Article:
The first aim of this study was to evaluate and optimize the best formulation by a single factor analysis and orthogonal design. Secondly, the physicochemical properties including morphology, particles size (Z‑ave), polydispersity index (PDI), zeta potential (ZP), encapsulation efficiency (EE) and drug loading (DL) capacity were characterised. Crystal structure of CUR, excipients, physical mixture and lyophilised curcumin‑loaded SLNs (CUR‑SLNs) were also investigated. In addition, the release behaviour of curcumin suspension (CUR‑suspension) and CUR‑SLNs in vitro were evaluated to provide research foundation for pharmacokinetics and tissue distribution in vivo.

Materials and Methods

CUR (>95%) was purchased from Henan Guangye Natural Pigmen Co., Ltd., China. Monostearin (MS) was purchased from Hunan Erkang Pharmaceutical Co., Ltd., China. F68 was obtained from BASF, Germany. T‑80 was purchased from Sonopharm Chemical Reagent Co., Ltd., China. Lecithin was provided by Anhui Fengyuan Pharmaceutical Co., Ltd., China. Methanol was of high performance liquid chromatography (HPLC) grade. All other reagents and solvents were of analytical grade.

Preparation and lyophilisation of SLNs

CUR‑SLNs were prepared by emulsion‑evaporation and low temperature‑solidification technique, which was reported by our study previously [20]. Briefly, the lipid phase and the lipophilic surfactant were dissolved in the right amount of organic solvents and heated up to 75° to obtain a homogeneous solution. Following the addition of CUR, the hot lipid phase was dispersed into the aqueous solution of hydrophilic surfactant, heated at the same temperature, by high speed stirring (1000 rpm) (ETS‑D4 stirrer, IKA, Germany) for 2 h to form preemulsion. The resulting hot o/w nanoemulsion was dumped into ice cold distilled water (0°) quickly under mild mechanical for 2 h. CUR‑SLNs were formed by lipid recrystallisation. The blank SLNs were prepared by the same procedure without adding CUR. The SLNs formulation was previously optimised by a single factor analysis and orthogonal design.

Mannitol at a concentration of 4% w/w as cryoprotectant was used in the freeze‑drying process. The SLNs dispersion were prefrozen using an ultra‑cold freezer (MDF‑382E, SANYO, Japan) at −80° for 24 h, and then were transferred to the freeze‑dryer (LGJ 0.5, Beijing, China) for 72 h. The SLNs powder was collected for further experiment.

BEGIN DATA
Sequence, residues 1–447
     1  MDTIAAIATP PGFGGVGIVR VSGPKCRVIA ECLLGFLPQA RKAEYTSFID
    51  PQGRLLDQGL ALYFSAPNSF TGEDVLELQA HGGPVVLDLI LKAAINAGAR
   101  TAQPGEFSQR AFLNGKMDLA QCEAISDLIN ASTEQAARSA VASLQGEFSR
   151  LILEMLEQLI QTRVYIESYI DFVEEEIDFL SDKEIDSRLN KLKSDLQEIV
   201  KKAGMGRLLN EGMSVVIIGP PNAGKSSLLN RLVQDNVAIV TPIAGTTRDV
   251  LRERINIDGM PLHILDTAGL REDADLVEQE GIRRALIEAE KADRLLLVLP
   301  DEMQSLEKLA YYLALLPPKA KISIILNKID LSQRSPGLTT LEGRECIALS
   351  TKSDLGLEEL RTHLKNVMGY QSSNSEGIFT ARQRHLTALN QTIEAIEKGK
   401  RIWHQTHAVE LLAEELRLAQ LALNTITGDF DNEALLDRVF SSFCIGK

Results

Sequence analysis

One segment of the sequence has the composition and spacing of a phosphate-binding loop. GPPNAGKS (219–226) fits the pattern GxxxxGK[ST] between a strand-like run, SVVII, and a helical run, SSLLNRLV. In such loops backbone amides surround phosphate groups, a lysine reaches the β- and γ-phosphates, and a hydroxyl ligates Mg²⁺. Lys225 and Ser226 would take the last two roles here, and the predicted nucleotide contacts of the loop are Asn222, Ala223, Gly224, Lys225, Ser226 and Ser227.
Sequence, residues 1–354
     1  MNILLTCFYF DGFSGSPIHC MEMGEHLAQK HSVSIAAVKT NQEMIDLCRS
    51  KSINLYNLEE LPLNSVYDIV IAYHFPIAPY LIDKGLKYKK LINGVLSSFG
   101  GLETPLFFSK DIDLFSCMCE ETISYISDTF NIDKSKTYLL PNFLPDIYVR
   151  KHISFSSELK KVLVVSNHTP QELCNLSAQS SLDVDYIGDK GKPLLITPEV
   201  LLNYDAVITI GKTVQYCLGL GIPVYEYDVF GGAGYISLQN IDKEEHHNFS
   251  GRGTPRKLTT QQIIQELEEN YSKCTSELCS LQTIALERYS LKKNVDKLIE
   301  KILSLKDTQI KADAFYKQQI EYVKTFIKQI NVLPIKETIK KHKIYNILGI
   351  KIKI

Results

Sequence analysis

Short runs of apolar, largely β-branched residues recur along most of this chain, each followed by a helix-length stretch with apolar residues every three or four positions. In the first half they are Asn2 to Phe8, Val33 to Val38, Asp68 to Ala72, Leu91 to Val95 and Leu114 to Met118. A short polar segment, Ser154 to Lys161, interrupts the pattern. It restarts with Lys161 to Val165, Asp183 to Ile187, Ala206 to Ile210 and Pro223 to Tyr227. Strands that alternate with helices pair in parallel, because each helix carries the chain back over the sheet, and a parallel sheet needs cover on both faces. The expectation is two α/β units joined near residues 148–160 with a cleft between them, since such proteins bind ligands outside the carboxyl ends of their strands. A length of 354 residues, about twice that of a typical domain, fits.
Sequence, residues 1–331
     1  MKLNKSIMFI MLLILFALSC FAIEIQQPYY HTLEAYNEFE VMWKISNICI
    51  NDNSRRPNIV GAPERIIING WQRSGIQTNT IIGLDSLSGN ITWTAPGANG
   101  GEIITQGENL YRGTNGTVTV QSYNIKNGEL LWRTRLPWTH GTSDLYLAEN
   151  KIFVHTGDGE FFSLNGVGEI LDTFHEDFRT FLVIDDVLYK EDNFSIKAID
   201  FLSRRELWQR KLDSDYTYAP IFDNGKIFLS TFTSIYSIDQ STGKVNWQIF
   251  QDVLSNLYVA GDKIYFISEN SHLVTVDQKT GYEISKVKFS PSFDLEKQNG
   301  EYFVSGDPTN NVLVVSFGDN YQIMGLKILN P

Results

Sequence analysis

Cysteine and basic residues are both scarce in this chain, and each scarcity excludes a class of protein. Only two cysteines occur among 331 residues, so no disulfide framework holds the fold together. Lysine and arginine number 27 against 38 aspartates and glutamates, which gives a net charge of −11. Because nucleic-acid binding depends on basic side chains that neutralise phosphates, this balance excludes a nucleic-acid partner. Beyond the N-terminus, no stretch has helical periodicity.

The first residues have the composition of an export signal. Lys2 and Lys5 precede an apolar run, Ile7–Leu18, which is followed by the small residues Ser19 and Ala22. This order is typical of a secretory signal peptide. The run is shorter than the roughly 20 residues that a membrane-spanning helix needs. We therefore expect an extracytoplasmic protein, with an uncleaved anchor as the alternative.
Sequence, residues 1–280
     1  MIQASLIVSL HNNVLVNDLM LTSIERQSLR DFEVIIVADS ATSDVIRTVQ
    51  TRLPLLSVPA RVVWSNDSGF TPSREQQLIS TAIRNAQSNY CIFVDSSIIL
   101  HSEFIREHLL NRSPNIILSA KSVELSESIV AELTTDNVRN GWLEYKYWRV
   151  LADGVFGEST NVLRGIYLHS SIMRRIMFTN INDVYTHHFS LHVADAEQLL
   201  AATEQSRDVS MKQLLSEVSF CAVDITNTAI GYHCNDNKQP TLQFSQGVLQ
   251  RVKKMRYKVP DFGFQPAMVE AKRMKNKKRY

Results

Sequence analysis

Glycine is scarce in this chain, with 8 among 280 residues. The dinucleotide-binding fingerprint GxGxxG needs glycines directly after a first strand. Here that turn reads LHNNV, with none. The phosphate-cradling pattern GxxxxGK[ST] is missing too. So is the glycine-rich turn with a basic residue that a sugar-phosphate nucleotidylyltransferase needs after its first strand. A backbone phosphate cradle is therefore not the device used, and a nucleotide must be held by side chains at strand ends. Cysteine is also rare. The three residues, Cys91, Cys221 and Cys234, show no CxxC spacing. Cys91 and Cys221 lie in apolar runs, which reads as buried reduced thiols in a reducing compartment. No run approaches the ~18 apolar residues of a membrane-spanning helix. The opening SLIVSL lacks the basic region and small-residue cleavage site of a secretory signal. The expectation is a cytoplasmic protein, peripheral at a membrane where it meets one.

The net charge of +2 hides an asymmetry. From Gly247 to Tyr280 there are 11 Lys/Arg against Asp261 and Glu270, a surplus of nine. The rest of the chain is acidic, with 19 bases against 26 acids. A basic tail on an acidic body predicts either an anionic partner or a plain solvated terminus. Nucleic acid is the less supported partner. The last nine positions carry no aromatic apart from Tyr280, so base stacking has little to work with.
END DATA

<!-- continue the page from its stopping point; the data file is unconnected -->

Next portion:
Transmission electron microscope

The morphology of the nanoparticles was observed by transmission electron microscope (TEM, TECNAI 10, Philips, Dutch). One drop of nanoparticles was placed on copper grids and negatively stained with 2% phosphotungstic acid for 30 s. Then it was dried at room temperature for about half an hour before loading on sample into equipment.

Mean Z‑ave and ZP analysis

Z‑ave, PDI and ZP were determined by photon correlation spectroscopy with Zetasizer (Nano ZS90, Malvern, UK) at 25°, after appropriate dilution with ultra pure water. For Z‑ave analysis, disposable polystyrene cells were used, whereas disposable plain folded capillary zeta cells were required for ZP analysis.

Encapsulation parameters

The EE and DL capacity of CUR in SLNs were assessed indirectly. The free CUR (nonencapsulated) and total CUR in nanoparticles suspension were determined by reverse‑phase high‑performance liquid chromatography (RP‑HPLC, LC‑15C, Shimadzu, Japan). The RP‑HPLC system consisted of a reverse phase Cosmosil C18 column (4.6 mm×250 mm, 5 μm) with a UV detector set at 430 nm. The mobile phase consisted of acetonitrile: 4% glacial acetic acid (60:40, v/v) and the flow rate was 1.0 ml/min. The column temperature was 30° and the typical injection volume was 20 μl. The calibration curve was linear as A=243433C−68007 over the range of 0.05‑40 μg/ml (n=8) with a correlation coefficient of r=0.9998 (where A=peak area and C=Cur concentration).

Free CUR was removed by ultrafiltration/ centrifugation technique using Amicon Ultra‑4 ultrafiltration device (molecular weight cutoff was 100 K, Millpore, USA). The sample was added into Amicon Ultra‑4 ultrafiltration device after diluting suitably with purified water and centrifuged at 3500 rpm for 30 min (LC‑4016 centrifuge, Anhui, China). The filtrate was removed and determined by RP‑HPLC as free CUR. The sample was diluted suitably and demulsified by methanol, which was subjected to ultrasound (KQ‑300B, Kunshan, China) for 5 min to make drug free from nanoparticles completely. The sample was determined by RP‑HPLC as total CUR. The EE and DL of CUR in SLNs were calculated by the equations [21] as, EE=((Wtotal− Wfree)/Wtotal)×100% and DL= [(Wtotal−Wfree)/Wtotal− Wfree+Wlipid)]×100%, where Wtotal, Wfree, Wlipid were the weight of total drug in system, weight of free drug in filtrate and weight of lipid added in system, respectively.

Differential scanning calorimetry